Giannini v. Foy

Annotate this Case

279 Pa. Superior Ct. 553 (1980)

421 A.2d 338

John GIANNINI, Margaret Giannini, and Nichole Giannini, a minor, by her parent and natural guardian Margaret Giannini, Appellants, v. Stephen FOY and William Foy.

Superior Court of Pennsylvania.

Argued March 18, 1980.

Filed August 1, 1980.

Petition for Allowance of Appeal Denied March 13, 1981.

*554 Allen L. Feingold, Philadelphia, for appellants.

Joseph Kauffman, Media, for appellee.


PRICE, Judge:

Appellants appeal from the May 23, 1979 order of the court of common pleas sustaining appellees' preliminary objections and striking the second, fifth and eighth counts of appellants' complaint.[1] For the reasons stated herein, we quash the instant appeal.

*555 The pertinent facts are as follows. Appellants filed a nine-count complaint in trespass against appellees. The complaint alleged that appellants were injured on March 11, 1978, when an automobile in which they were riding[2] was struck from behind by another vehicle operated by appellee Stephen Foy and owned by appellee William Foy. The first, fourth and seventh counts of the complaint alleged respectively that appellants John Giannini, Margaret Giannini and Nicole Giannini endured pain, suffering, loss of earning capacity, inability to perform usual duties and incurred expenses in excess of those compensable under the Pennsylvania No-fault Motor Vehicle Insurance Act.[3] As a result, they each sought compensatory damages in excess of $10,000. Counts three and six sought damages for loss of consortium, count nine sought damages for loss of services of appellant Nicole Giannini, and counts two, five and eight alleged that appellees acted wilfully, wantonly and maliciously in operation of their motor vehicle, and appellants through their complaint sought punitive damages in excess of $10,000.

In their preliminary objections, appellees moved to strike the three counts that sought punitive damages, to dismiss the complaint, and for more specific pleadings. The court of common pleas, per the Honorable Joseph T. Labrum, Jr., denied appellees' motions for more specific pleadings and to dismiss, but granted the motion to strike counts two, five, and eight of the complaint. The court granted the motion on the ground that appellants' complaint alleged mere conclusions of appellees' malicious conduct without any factual allegations in support thereof. On appeal, appellants contend that the trial court erred in granting appellees' preliminary objection and in failing to grant appellants leave to amend their complaint.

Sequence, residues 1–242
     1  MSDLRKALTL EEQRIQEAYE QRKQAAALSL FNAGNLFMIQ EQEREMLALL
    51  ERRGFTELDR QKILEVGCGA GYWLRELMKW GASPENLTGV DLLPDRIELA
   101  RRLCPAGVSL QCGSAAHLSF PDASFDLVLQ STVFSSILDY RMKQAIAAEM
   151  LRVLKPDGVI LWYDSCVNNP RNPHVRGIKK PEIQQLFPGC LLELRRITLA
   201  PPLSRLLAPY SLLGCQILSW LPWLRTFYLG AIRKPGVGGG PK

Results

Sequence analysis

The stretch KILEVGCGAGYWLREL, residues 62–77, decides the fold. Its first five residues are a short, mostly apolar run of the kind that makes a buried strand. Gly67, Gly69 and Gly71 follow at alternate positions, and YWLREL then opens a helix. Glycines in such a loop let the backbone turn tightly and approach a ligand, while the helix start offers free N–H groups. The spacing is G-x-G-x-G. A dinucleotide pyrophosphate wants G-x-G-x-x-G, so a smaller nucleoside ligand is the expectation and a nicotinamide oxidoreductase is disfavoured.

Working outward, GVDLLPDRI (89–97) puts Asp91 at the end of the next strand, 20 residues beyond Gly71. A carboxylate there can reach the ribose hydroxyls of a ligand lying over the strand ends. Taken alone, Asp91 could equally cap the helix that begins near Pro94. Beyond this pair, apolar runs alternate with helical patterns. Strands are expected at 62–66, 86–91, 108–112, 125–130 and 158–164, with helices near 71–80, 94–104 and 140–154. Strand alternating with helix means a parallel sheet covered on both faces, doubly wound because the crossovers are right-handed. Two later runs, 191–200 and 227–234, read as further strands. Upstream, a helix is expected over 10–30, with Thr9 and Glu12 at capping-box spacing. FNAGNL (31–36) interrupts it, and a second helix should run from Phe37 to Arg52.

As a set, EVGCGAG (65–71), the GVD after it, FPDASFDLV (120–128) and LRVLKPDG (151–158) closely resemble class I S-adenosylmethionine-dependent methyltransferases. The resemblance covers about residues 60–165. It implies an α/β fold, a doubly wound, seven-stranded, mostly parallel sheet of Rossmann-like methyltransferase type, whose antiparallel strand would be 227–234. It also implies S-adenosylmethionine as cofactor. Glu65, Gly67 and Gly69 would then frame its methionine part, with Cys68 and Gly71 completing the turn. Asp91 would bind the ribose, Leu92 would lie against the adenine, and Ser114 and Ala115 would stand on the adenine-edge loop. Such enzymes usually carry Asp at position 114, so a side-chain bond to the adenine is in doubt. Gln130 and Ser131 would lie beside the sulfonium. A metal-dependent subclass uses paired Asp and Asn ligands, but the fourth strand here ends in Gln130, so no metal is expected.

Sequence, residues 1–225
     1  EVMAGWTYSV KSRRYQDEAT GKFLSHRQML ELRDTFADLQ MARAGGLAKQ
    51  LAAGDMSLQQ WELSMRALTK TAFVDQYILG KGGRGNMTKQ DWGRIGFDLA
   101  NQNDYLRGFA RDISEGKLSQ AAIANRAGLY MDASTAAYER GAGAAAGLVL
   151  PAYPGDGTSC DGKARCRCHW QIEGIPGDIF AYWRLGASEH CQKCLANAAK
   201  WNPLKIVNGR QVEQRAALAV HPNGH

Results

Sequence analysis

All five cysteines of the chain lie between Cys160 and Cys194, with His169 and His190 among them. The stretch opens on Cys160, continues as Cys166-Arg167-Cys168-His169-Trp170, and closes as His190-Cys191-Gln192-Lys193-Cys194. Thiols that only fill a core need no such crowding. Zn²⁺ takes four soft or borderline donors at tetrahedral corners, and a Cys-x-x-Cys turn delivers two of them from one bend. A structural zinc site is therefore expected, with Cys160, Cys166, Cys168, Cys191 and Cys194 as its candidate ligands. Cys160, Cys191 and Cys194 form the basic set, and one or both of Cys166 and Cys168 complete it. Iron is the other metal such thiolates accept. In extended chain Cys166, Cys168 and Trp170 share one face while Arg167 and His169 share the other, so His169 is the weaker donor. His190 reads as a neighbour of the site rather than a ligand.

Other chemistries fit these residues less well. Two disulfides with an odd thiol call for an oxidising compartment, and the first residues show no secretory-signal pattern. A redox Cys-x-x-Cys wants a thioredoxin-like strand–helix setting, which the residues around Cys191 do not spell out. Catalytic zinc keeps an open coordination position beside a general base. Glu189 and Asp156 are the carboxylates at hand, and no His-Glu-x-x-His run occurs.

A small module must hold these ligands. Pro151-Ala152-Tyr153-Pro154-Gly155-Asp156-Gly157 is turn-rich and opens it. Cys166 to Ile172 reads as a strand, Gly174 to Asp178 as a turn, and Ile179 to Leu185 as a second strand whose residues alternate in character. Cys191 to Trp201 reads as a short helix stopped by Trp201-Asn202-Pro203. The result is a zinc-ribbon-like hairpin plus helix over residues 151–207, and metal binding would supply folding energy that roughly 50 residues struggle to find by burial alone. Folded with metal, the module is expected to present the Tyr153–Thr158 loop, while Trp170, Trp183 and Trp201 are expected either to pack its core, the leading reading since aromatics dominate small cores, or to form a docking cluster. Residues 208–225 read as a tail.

Although neither party has specifically questioned the jurisdiction of this court regarding the instant appeal, the *556 mere agreement of the parties will not vest jurisdiction where it otherwise would not exist. T.C. Realty, Inc. v. Cox, 472 Pa. 331, 372 A.2d 721 (1977). We therefore raise, sua sponte, the issue of appealability of the trial court's order. See Davidyan v. Davidyan, 229 Pa.Super. 495, 327 A.2d 139 (1974).

Under the Judicial Code in effect at the time the instant appeal was filed, this court has jurisdiction over "all appeals from final orders of the courts of common pleas. . . ." Act of July 9, 1976, P.L. 586, No. 142, § 2, 42 Pa.C.S. § 742 (effective June 27, 1978) (emphasis added). In ascertaining what is a "final order," we look beyond the technical effect of the adjudication and apply practical considerations after examining the ramifications of the order. See Adoption of G.M., 484 Pa. 24, 398 A.2d 642 (1979); Bell v. Beneficial Consumer Discount Co., 465 Pa. 225, 348 A.2d 734 (1975). If an order terminates litigation or disposes of the entire case, it is a final order. Adoption of G.M., supra; T.C. Realty, Inc. v. Cox, supra. Conversely, an order is interlocutory and not final unless it effectively puts the litigant "out of court." Alessandro v. State Farm Mutual Auto. Ins. Co., 487 Pa. 274, 409 A.2d 347 (1979); Ventura v. Skylark Motel, Inc., 431 Pa. 459, 246 A.2d 353 (1968).

In the instant situation, we conclude that the trial court' order dismissing three counts of appellants' nine-count complaint did not dispose of the entire case or have the practical effect of putting appellants "out of court." The order of the trial court, therefore, must be deemed interlocutory. See Herman v. Harborcreek Township, 458 Pa. 202, 321 A.2d 653 (1974) (order that sustained in part and overruled in part preliminary objections to a complaint is not a final decree). We note, additionally, that the trial court did not certify the appeal to this court, nor is the appeal authorized by statute. See 42 Pa.C.S. § 702. Under these circumstances, we hold that the order of the court of common pleas is a nonappealable interlocutory order.

Accordingly, the appeal from the order of the court of common pleas is quashed as interlocutory.


[1] The court of common pleas dismissed appellees' preliminary objections requesting more specific pleadings and a motion to dismiss the entire complaint.

[2] Appellant John Giannini was the operator of the Giannini vehicle.

[3] Act of July 19, 1974, P.L. 489, No. 176, Art. I, § 101 (40 P.S. §§ 1009.101 et seq.).